Alumni Access Survey: Disengaged Alumni, Lack of Organizational Support Are Top Concerns for Alumni Professionals

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New Research, Webinar Reveals How Alumni Professionals Often Face Overzealous Fundraising and How New Engagement Models Build Better Alumni Relationships

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A quarter of institutions have seen at least 10% of their alumni opt out of all contact with the university. Some have seen as much as 39% of their alumni opt out of all contact with the university.

The top sources of anxiety among alumni professionals at North American institutions are a lack of staff and alumni disengagement, according to a new survey conducted by Alumni Access, Access Development’s alumni engagement solution.

Seventy-four percent of alumni professionals cited “not having enough staff to complete necessary tasks” as a top concern. Sixty-eight percent said that a lack of engagement among alumni is their most pressing worry.

These are among the findings of a new alumni relations benchmarking survey known as VAESE (Voluntary Alumni Engagement in Support of Education). The findings of the survey will be released during a free webinar on March 15, 2016, at 11:30 am Eastern. (Click here to register for free.) Following the webinar, registrants will receive a free white paper outlining the details of the research findings.

A common cause of alumni disengagement appears to stem from excessive fundraising solicitations. Because 68% of alumni organizations are integrated with fundraising and development departments, alumni relations efforts can often become subordinate to the fundraising mechanism.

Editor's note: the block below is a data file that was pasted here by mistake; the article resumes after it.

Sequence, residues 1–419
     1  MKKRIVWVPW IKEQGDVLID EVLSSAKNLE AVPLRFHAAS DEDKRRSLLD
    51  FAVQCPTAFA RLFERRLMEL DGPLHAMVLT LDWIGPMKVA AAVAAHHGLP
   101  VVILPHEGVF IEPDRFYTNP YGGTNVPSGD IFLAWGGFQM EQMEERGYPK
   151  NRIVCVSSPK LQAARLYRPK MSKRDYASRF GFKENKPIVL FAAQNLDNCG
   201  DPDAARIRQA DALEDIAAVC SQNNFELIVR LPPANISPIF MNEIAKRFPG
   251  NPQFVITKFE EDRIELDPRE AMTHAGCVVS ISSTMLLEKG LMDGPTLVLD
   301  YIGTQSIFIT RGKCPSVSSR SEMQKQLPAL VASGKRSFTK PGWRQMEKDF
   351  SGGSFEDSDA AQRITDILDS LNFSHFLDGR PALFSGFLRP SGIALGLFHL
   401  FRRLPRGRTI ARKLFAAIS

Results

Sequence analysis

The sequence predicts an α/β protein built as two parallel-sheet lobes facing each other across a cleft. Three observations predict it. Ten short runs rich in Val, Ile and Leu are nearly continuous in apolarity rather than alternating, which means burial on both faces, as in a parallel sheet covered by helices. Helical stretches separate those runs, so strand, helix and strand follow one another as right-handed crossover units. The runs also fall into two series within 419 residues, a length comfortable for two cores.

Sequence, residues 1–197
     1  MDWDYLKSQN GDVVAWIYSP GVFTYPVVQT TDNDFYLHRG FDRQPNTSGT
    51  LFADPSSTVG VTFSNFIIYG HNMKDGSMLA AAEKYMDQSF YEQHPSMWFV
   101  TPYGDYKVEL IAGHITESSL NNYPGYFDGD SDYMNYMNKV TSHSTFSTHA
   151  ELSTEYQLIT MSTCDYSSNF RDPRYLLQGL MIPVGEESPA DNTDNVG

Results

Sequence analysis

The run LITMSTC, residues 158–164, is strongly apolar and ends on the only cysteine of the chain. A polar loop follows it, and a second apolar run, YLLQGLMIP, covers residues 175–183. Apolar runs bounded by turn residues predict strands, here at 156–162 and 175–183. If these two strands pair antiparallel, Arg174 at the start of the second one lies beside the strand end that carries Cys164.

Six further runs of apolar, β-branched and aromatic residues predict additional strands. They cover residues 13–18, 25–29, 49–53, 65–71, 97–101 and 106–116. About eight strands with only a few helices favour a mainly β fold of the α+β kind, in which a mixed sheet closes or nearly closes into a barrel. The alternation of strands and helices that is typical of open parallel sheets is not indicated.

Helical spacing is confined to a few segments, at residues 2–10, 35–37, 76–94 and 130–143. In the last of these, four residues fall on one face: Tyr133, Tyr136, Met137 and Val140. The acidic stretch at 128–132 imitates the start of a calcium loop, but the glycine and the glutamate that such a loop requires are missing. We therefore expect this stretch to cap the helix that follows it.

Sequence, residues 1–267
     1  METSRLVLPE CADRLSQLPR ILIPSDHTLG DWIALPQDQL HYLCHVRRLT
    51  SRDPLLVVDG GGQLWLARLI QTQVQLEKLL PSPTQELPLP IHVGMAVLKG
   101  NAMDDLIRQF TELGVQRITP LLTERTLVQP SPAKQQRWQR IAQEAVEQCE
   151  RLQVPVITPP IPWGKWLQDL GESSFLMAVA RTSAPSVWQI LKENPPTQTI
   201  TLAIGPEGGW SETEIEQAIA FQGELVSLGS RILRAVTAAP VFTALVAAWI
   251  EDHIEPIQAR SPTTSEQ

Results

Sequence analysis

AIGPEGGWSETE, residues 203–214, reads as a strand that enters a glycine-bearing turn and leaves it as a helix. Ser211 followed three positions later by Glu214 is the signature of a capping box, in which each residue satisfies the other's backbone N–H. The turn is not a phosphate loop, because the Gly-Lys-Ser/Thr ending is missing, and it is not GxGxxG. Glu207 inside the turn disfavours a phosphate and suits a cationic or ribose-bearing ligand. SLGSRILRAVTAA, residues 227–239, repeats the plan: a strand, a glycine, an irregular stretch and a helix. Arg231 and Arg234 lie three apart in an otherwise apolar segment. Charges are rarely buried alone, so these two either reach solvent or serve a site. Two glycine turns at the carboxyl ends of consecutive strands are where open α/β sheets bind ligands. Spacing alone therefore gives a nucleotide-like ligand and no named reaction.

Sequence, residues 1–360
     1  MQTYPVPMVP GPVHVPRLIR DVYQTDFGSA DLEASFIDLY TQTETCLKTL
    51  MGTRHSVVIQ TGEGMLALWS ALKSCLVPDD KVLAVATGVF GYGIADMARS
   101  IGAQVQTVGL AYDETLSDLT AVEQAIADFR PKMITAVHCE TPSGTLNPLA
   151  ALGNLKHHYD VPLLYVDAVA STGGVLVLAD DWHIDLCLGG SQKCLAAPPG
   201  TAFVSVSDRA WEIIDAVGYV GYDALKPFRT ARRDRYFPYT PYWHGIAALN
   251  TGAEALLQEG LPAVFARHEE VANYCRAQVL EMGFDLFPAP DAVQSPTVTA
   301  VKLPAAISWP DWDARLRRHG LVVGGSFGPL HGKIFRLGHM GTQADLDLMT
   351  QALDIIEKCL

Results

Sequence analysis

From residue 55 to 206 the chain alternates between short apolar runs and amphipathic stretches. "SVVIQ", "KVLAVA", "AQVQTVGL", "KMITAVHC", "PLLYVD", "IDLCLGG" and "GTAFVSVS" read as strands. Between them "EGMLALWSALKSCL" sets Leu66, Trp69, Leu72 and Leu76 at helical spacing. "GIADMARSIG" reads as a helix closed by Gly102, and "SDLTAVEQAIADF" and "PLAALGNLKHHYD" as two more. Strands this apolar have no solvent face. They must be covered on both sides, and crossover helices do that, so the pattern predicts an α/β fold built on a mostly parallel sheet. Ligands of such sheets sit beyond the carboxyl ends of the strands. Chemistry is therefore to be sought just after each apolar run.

As a result, 82% of institutions now send at least one solicitation to new graduates within the first year of graduation, and 7% send five or more solicitations during the same period.

“When alumni relations integrates with fundraising, our research shows most schools rely on the philanthropic generosity of alumni, rather than offering benefits to attract and engage them,” says Gary Toyn, the primary researcher for the VAESE survey. “Graduates seem to be rejecting that approach, especially those who have yet to realize the full value of their education.”

The research shows that a quarter of institutions have seen at least 10% of their alumni opt out of all contact with the university. Some have seen as much as 39% of their alumni opt out of all contact with the university.

The VAESE research is a global survey of alumni relations engagement practices, and the results include responses from hundreds of large and small universities, in all 50 states and three continents. The March 15 webinar will help alumni relations professionals answer many important questions, such as:

·         Should alumni and development offices be more integrated?
·         Should institutions add or remove a dues-paying program?
·         What benefits can consistently attract and engage alumni?
·         How well does digital content engage alumni at other institutions?
·         Are online communities worth the time and investment?

To register for the VAESE webinar, please visit http://bit.ly/vaesewebinar. For more information on Alumni Access alumni discount programs, please visit http://www.alumniaccess.com.

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About Access Development
For 30 years, Access Development has helped organizations connect with their customers and build revenue, engagement and loyalty through custom incentives, employee benefits and discount programs. The company’s private discount network of over 350,000 merchant locations is America’s largest, providing discounts of up to 50% on everyday items to millions of end users. Access also offers the nation’s largest mobile commerce platform, featuring over 175,000 merchants offering exclusive “show your phone” mobile coupons. For more information on Access, please visit http://www.accessdevelopment.com or follow us on Twitter and LinkedIn.

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Brandon Carter
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